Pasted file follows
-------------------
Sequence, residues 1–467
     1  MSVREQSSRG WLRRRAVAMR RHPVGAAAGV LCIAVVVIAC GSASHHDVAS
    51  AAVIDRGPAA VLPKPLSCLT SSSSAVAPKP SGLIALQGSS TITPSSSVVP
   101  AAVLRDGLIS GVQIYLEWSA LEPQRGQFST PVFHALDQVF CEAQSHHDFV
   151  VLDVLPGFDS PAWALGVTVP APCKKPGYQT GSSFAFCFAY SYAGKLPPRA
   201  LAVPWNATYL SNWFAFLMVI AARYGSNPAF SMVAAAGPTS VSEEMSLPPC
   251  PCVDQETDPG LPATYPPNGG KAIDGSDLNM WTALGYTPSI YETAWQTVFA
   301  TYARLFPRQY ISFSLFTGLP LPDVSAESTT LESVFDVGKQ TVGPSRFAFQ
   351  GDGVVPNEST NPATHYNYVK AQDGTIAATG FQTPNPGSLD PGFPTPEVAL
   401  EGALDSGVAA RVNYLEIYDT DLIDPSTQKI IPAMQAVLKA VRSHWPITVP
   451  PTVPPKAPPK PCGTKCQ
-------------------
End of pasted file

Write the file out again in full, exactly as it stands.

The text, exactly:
Sequence, residues 1–467
     1  MSVREQSSRG WLRRRAVAMR RHPVGAAAGV LCIAVVVIAC GSASHHDVAS
    51  AAVIDRGPAA VLPKPLSCLT SSSSAVAPKP SGLIALQGSS TITPSSSVVP
   101  AAVLRDGLIS GVQIYLEWSA LEPQRGQFST PVFHALDQVF CEAQSHHDFV
   151  VLDVLPGFDS PAWALGVTVP APCKKPGYQT GSSFAFCFAY SYAGKLPPRA
   201  LAVPWNATYL SNWFAFLMVI AARYGSNPAF SMVAAAGPTS VSEEMSLPPC
   251  PCVDQETDPG LPATYPPNGG KAIDGSDLNM WTALGYTPSI YETAWQTVFA
   301  TYARLFPRQY ISFSLFTGLP LPDVSAESTT LESVFDVGKQ TVGPSRFAFQ
   351  GDGVVPNEST NPATHYNYVK AQDGTIAATG FQTPNPGSLD PGFPTPEVAL
   401  EGALDSGVAA RVNYLEIYDT DLIDPSTQKI IPAMQAVLKA VRSHWPITVP
   451  PTVPPKAPPK PCGTKCQ